Throughout the media frenzy revolving around how Dunham looks naked, or just plain looks, she has remained collected with her integrity in check and generally un-phased by the controversy. She claims she is not forcing anyone to look at her body. They have a choice to look and a choice to decide how they are going to feel about what they see, nudity or not. The overall message is about positive body image. If Howard Stern can get the message and defend the rising star against Hollywood’s oldest curmudgeon, Joan Rivers at her most victim-shaming, obesity insults or not, Lena Dunham has already won the battle.

Opinion by Stacy Feder


3 Responses to "Lena Dunham Victim to Joan Rivers Obesity Insults Defended by Howard Stern"

  1. Jo Ann Petrosky   March 28, 2014 at 10:54 pm

    God for bid someone threw digs at here Daughter.Joan Rivers is the opposite of Lena,Old and bitter,Joan is a monster inside and out. She has no cocept of reality.

  2. Stacy Feder   March 27, 2014 at 1:47 pm

    I see your point about realism and nudity and “life-in-the-moment” being fairly represented, and I think there is some truth to Lena arguably putting herself in a position to garner the attention for a personal, or political, platform, but “flaunting” is different than being resourceful. I mean, her tactics are working. There are many feminists who have been trying to get issues on the importance of a healthy body image across in multitudes of other ways and have not been as successful. People have opinions on this issue and they talk about it. That’s great. There’s power in discussion. I would also argue that Joan’s comment is a publicity stunt for her agenda. Negative attention, still attention. Do you think Joan cares about what other’s think of her? You could argue that she is saying such slanderous things for the same reason as Lena is “flaunting” her naked body: promotion. Even if, I just happen to think some promotion techniques have more value than others. Being rude is completely unnecessary. It sets a horrible example and helps nothing. Being comfortable and naked in your own skin on the screen despite being a body copy of the conventional norm is progressive. Celebrities very rarely do it. Lena’s unhinging the expectation. If you want to argue she’s taken it too far, that’s another issue.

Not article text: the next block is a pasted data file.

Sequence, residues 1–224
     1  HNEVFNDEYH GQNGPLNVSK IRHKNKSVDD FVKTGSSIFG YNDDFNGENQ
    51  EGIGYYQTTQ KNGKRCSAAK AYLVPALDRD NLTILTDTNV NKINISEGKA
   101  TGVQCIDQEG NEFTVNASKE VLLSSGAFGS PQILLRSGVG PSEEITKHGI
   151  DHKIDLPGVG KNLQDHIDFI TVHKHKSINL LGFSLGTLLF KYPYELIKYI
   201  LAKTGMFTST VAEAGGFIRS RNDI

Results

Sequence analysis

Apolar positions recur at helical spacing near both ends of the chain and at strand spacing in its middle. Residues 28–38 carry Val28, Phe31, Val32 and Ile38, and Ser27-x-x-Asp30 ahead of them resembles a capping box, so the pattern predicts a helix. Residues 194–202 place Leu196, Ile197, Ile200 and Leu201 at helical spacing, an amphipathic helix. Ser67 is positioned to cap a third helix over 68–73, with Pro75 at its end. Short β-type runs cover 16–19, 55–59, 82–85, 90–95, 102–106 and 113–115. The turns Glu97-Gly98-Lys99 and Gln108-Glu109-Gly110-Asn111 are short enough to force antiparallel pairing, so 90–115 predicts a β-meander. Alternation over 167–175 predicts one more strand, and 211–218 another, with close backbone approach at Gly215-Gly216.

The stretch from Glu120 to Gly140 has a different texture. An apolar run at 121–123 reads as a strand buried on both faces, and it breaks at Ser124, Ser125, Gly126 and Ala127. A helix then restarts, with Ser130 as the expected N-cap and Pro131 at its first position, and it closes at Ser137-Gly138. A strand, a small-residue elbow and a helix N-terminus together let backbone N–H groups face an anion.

Also, I just need to point out, actors get to choose how much of themselves they’d like to put out there. Perhaps it is in their contract that they cannot get more naked more often than Dunham, I don’t know. But Dunham writes the show and gets to do with her character as she wills. Also, it is your opinion that she is the least attractive of the girls. Even if the show is scripted to portray her in that way, why should that mean she should be naked less? Her character, Hannah, is ruthless, shameless, uninhibited, at times boundary-less, and narcissistic. Women in my life whom I have known that fit that definition tend to be way less self-conscious and, in turn, more careless with their nudity. There are personality types that just don’t care if you see them naked. They just don’t care. They’re not as struck by the skinny-or-die stigma that has made many woman ridiculously, and unfortunately, insecure. I think Hannah’s character believably fits into that category of personality. All I can say is, because of Dunham’s work with Hannah, I care much less what some guy in a bar thinks of me in a mini-skirt. But when I was thirty pounds lighter, like when I was a teenage girl, I thought my thighs were hideous, and I wanted to die. I think how women and girls view themselves, despite the gaze of the outward eye, is the shift Lena is working on here, and I support it.

    Thanks for listening-


  3. Allan Noik   March 27, 2014 at 12:45 pm

    Here’s why Lena Dunahm is being disingenuous – her’s is the least physically attractive of the 4 female leads, yet she is depicted naked the most. There is definitely an attempt on her part to “flaunt” her body and dare people to criticize her – she wants to draw out the criticism so she can become a feminist icon. If she was just deputing life as if happens, with all its nudity, we would see her cast mates naked on an equal basis.